- Do Your Research - Even if your first job is in the fast food industry, knowing something about the company going into the interview can be helpful. Doing a bit of research on the company can help immensely in an interview. Make sure you can speak to the company's background and mission, You may be asked what you like about the company and why you want the job. Having researched the company beforehand allows you time to consider how your values and interests mesh with the company's public image.
- Prepare Some Possible Responses to Key Questions - In addition to asking you to describe yourself, most interviews will contain some questions about your strengths (remember that Naviance assessment?), your weaknesses, an example of how you successfully worked in a team setting, as well as why you would be the best person for the job. Take time to consider your responses to questions like these, you'll be glad that you did!
- Prepare to Respond to How Your Experiences and Skills Match the Specific Job Requirements - Job descriptions offer a peek at the skills that an employer is searching for in a qualified candidate. Make sure to have examples of how your previous experiences will allow you to be successful at meeting the employer's productivity expectations.
- Dress to Impress - Most potential employers will forgive overdressing, it's the underdressed that are difficult to overlook. Whenever possible, avoid sneakers and jeans and remember to run an iron over your clothing so that your overall appearance is thoughtful and neat.
- Non-verbals are Crucial - Looking your best also means being mindful of the nonverbal messages that you send an employer. Make sure to maintain good eye contact, always offer a firm handshake, and avoid foot tapping, leg shaking, finger tapping, and nail biting. Most importantly, remember to smile!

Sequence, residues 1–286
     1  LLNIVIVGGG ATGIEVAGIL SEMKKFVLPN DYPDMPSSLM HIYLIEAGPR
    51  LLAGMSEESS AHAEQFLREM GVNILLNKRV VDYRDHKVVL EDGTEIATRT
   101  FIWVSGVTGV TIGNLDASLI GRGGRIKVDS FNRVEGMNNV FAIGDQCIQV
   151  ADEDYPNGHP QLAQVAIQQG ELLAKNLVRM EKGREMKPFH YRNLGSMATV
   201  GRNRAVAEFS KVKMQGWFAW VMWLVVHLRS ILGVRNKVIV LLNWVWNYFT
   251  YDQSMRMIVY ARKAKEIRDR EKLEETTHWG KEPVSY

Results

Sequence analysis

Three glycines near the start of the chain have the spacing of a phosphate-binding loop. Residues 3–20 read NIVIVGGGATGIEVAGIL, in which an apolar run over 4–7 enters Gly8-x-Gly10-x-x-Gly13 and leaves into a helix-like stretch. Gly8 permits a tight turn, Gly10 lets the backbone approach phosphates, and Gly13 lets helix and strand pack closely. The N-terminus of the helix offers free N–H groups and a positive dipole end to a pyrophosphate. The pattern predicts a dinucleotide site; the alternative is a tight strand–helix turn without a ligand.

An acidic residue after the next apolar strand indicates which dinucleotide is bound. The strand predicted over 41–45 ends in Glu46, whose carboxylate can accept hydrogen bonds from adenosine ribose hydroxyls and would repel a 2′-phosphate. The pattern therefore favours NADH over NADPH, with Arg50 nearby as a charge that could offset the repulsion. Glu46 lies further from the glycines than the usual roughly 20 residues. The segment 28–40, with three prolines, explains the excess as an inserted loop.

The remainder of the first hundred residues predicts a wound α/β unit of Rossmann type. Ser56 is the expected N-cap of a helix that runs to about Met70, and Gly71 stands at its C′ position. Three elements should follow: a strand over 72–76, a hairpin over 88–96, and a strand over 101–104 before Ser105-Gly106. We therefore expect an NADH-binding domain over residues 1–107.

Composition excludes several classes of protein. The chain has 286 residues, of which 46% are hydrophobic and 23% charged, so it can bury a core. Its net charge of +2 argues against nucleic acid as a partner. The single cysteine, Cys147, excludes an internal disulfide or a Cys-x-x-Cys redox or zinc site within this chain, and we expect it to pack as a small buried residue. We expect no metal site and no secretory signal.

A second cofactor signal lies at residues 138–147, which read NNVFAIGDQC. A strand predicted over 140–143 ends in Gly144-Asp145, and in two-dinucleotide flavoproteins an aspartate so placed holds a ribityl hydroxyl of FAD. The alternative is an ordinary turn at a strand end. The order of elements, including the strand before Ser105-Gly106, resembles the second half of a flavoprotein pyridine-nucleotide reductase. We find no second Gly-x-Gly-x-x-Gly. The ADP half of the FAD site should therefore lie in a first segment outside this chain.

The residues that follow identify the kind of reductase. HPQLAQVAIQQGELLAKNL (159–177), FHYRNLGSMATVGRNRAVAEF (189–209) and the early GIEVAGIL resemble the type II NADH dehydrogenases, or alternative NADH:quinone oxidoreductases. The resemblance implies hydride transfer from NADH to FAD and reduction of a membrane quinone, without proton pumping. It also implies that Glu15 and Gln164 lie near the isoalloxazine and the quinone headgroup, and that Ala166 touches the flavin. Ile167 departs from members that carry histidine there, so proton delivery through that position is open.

- What to Take to the Interview - First and foremost, be on time or early! Appearing rushed does not instill a sense of confidence that you will be the type of employee ready to work at the start of each day/shift. It's good practice to carry along a pen to complete any necessary paperwork, a list of your references, one or two copies of your resume, and a list of questions that you would like to ask the employer. Arriving with questions ready to ask gives the impression that you have researched the company, you've given some thought as to what your role with the company might be, and you're a ready learner. One piece of advice, save questions about vacation time and other perks for the second round of interviews. You don't want to give an employer the impression that you're already thinking about taking time off!
Notes of Thanks
Any time that you are lucky enough to garner an interview, make sure you express your gratitude. Further, if you are offered a position with an employer and your references have gone to bat for you, they deserve a note of thanks as well. Thank you's can be expressed in person, in a short note, or even in an email if your other correspondences have also been through email. These notes of thanks do not have to be long, but convey a sincere thankfulness and gratitude for the role the receiver has played in helping you secure employment. For those who have supplied a reference, it's also a great way to share the good news!
Cleaning Up Your Online Presence
Colleges and employers want to learn everything they can about you before offering you employment or admission into their school. Some may attempt to learn about you utilizing online resources and social media. If you're ready to start an employment career or post-secondary study, it is a good time to clean up your online presence and change any email addresses and online identifiers to something that represents a mature and responsible adult. You may also want to update your privacy settings so that photos and other posts that are not meant for the whole world are not seen by potential employers and college admissions staff.